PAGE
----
Published on 7 January 2019, the Rt Hon Lord Peter Lilley and Cllr Brendan Chilton, Global Britain and Labour Leave outline the huge advantages to trade gained by leaving the EU on World Trade Organization terms.
Far from 'crashing out' we will be 'cashing in'. We will keep our £39 billion. Even the House of Lords' heavily pro-Remain EU Financial Affairs Sub-Committee concluded that "Article 50 allows the UK to leave the EU without being liable for outstanding financial obligations under the EU budget."
We will end uncertainty – economic and political. But under the government's draft Withdrawal Agreement, corrosive uncertainty would continue for two years – or even longer – about our trading and other links to the EU.
The Irish border issue will be solved by administrative measures with no need for a backstop. The UK, Ireland and EU have all given assurances that if we leave without a Withdrawal Agreement, they will not introduce infrastructure or checks on the border between Ireland and Northern Ireland.
Leo Varadkar said: "I've made it very clear to my counterpart in the UK and also to all the other EU prime ministers that under no circumstances will there be a border – full stop."
When an Irish MP asked President Juncker "If negotiations fail with the Tory government on the exit agreement … will you give us a clear commitment that the European Union will not impose a border, customs posts or any other kind of infrastructure on the frontier in order to protect the European borders?" Juncker replied: "Yes."
Jon Thompson, CEO of HM Revenue & Customs, said, "Our consistent advice to ministers has been, we do not … require any infrastructure at the border between Northern Ireland and Ireland under any circumstances."
The WTO is a safe haven not a hard option. Six of the EU's top ten trading partners trade under WTO rules - the USA, China, Russia, India, Brazil and Japan. So we could too. The WTO guarantees no discrimination, so, when we leave, the EU cannot impose punitive tariffs or barriers to trade. The WTO also guarantees Most Favoured Nation terms, so the EU and all other countries must grant us the best terms they give other countries with whom they have no preferential agreement.
Our exports to countries we trade with on WTO terms have grown three times faster than our exports to the Single Market since it was established. Countries like us, which are outside the EU, have increased their exports to the Single Market far faster than we have.
Tariffs on our exports to the EU will amount to £5-6 billion. This is half of our net contribution to the EU of £10-12 billion. Paying £10 billion to avoid £5 billion has not been a good deal! Our exporters to the EU will face an average tariff of 4 per cent – far outweighed by the 15 per cent improvement in competitiveness due to the sensibly lower pound since the referendum.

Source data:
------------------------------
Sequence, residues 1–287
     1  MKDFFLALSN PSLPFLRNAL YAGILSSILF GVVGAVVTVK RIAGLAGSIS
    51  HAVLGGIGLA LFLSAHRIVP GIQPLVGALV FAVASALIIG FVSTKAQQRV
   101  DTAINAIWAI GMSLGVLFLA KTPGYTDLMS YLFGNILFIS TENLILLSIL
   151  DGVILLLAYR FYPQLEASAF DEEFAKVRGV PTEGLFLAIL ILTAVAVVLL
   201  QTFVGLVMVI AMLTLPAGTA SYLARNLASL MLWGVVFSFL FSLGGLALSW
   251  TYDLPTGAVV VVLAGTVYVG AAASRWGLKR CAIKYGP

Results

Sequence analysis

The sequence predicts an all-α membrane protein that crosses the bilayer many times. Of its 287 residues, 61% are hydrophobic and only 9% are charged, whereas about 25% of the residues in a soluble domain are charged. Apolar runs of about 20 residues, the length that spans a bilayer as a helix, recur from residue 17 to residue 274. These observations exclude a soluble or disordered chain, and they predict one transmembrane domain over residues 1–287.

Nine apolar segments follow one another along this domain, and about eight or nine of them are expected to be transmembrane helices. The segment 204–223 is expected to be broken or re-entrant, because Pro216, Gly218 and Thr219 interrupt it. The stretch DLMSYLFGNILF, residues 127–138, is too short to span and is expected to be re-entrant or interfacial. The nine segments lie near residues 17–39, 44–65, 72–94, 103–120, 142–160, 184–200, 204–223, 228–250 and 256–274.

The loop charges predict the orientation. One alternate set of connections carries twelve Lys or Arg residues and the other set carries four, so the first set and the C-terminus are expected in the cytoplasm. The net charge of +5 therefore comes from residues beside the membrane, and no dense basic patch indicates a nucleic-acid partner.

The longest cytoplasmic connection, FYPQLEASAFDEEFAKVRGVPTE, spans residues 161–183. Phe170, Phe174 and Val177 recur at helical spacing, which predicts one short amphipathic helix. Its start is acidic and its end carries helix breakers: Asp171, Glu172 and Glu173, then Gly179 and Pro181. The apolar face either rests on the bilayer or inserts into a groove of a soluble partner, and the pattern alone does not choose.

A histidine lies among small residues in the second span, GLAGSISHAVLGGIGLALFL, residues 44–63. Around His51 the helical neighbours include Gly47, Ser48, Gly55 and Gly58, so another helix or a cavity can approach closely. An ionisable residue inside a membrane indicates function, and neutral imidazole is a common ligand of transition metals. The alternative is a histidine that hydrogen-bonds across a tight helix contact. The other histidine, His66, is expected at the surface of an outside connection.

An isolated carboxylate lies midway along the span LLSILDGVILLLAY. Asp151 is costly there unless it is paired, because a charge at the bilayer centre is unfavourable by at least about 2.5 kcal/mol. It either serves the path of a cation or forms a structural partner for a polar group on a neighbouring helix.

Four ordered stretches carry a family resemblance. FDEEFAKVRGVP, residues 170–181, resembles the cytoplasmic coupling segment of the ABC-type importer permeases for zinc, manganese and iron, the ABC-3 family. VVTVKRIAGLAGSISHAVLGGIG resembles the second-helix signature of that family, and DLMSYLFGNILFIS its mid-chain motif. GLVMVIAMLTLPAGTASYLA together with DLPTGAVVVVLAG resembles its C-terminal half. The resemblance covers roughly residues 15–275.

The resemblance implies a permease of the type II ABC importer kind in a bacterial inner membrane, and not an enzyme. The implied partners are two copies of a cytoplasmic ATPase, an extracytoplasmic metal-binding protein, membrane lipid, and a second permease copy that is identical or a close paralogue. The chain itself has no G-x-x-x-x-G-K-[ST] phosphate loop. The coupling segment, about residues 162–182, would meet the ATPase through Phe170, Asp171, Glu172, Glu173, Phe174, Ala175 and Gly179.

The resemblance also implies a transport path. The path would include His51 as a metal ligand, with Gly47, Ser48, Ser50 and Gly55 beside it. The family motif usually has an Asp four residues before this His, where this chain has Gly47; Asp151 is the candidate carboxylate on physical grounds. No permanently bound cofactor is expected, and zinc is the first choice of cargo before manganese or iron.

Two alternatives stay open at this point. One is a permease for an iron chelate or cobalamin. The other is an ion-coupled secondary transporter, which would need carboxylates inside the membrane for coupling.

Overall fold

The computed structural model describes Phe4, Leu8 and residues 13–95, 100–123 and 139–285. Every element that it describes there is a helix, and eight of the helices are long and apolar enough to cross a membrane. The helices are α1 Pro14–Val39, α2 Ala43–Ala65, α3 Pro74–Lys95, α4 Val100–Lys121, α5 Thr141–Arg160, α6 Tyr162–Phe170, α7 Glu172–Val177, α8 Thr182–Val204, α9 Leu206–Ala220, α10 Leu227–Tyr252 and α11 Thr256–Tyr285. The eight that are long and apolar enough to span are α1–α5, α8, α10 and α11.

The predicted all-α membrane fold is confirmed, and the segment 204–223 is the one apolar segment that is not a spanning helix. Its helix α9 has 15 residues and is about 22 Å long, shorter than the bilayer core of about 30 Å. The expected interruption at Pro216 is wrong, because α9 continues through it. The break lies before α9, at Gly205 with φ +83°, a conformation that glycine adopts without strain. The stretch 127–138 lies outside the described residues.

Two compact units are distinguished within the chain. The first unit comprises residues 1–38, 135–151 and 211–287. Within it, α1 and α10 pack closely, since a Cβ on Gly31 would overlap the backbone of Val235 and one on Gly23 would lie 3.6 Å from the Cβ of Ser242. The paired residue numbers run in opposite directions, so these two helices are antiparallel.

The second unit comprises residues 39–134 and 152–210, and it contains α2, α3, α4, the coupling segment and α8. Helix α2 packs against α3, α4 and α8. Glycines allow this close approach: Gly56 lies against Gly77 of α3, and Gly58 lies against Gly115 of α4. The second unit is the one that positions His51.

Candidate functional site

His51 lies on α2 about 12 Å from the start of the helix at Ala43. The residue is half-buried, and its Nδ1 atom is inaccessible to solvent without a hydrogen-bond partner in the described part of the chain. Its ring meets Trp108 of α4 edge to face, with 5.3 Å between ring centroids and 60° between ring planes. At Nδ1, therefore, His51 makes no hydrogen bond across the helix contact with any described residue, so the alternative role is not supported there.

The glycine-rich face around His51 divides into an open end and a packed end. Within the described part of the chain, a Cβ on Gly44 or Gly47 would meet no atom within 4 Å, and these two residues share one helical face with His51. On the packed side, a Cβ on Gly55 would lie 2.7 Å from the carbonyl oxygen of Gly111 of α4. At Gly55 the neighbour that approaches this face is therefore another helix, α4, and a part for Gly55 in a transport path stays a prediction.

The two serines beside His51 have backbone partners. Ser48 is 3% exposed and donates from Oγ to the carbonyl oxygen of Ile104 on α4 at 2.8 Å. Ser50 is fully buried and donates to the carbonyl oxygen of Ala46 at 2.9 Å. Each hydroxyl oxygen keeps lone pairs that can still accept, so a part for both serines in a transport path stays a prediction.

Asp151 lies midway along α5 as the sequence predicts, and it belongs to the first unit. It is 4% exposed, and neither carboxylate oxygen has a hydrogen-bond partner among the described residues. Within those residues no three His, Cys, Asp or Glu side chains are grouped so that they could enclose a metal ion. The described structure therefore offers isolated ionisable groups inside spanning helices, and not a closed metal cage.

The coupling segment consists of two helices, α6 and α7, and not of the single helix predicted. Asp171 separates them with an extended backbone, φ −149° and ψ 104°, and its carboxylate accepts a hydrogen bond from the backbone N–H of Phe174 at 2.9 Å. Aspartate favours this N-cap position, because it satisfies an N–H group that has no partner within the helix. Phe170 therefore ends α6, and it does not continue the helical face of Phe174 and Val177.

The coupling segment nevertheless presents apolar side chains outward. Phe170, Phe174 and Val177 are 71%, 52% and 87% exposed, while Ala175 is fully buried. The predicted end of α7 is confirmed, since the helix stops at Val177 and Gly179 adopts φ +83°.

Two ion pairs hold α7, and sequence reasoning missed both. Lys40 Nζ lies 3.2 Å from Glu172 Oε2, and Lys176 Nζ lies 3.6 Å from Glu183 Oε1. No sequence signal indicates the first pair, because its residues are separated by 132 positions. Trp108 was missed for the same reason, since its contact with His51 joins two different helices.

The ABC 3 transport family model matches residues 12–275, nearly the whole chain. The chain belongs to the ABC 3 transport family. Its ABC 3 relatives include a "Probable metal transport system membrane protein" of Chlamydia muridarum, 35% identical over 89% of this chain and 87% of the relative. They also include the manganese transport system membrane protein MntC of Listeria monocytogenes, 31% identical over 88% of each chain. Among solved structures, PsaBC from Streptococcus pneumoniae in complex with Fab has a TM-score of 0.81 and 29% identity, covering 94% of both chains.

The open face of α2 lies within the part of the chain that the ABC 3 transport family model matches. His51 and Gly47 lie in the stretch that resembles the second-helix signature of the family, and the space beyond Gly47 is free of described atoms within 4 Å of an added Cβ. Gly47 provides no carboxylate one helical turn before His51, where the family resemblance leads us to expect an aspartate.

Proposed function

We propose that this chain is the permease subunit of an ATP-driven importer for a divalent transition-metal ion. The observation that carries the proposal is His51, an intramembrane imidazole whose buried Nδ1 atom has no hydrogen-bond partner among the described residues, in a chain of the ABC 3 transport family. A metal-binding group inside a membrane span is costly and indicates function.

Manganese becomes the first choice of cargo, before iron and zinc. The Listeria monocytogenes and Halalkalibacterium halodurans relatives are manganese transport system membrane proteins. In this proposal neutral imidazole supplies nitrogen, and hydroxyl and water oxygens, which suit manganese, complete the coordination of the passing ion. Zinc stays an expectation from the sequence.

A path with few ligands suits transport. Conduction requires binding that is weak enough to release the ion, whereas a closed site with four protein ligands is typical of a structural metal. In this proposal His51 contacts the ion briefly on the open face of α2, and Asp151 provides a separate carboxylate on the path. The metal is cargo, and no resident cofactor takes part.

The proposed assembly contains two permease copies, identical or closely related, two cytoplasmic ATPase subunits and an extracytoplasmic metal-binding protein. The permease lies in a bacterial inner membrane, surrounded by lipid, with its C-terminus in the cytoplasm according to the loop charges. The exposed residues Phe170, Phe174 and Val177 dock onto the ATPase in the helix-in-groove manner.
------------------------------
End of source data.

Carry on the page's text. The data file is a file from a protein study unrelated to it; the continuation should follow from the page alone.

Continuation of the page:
Scares about import delays are particularly ludicrous since we will control our own borders. Why on earth would we prevent things we need from entering our country? HMRC and DEFRA say they will not need to carry out any additional checks at the border.
Dover Port Authority says it does not expect problems with handling imports. The UK Major Ports Group which handles 75 per cent of UK seaborne trade says that it already has "the capacity and infrastructure to handle large volumes of both EU and non-EU trade today without a log jam." The BBC reported that "French officials dismiss UK fears of Calais go-slow." The Mayor of Calais says delays would be 'economic suicide'.
There will be no shortages of medicines. The WTO's Pharmaceutical Tariff Elimination Agreement means that tariffs do not apply to finished medicines. This Agreement covers 10,000 medicinal products across the EU, Canada, United States, Japan and Norway. It covers almost 90 per cent of the world's pharmaceutical trade.
Planes will continue to fly to and from the EU. The EU has announced that it will allow UK airlines to fly over, land in and return from EU airports even if there is no Withdrawal Agreement. The EU announced this on 13 November 2018, but it was barely reported, allowing the 'planes won't fly' scare to run and run.
The authors sum up, "The government is in the bizarre position of preparing to leave on WTO terms, while pretending that its preparations will be unsuccessful. In fact, talking up the horrors of 'no-deal' is not merely self-contradictory it is extraordinarily irresponsible. The PM's only hope of securing any substantive changes in her draft deal depend on her convincing the EU she is prepared – in every sense – to leave on WTO terms."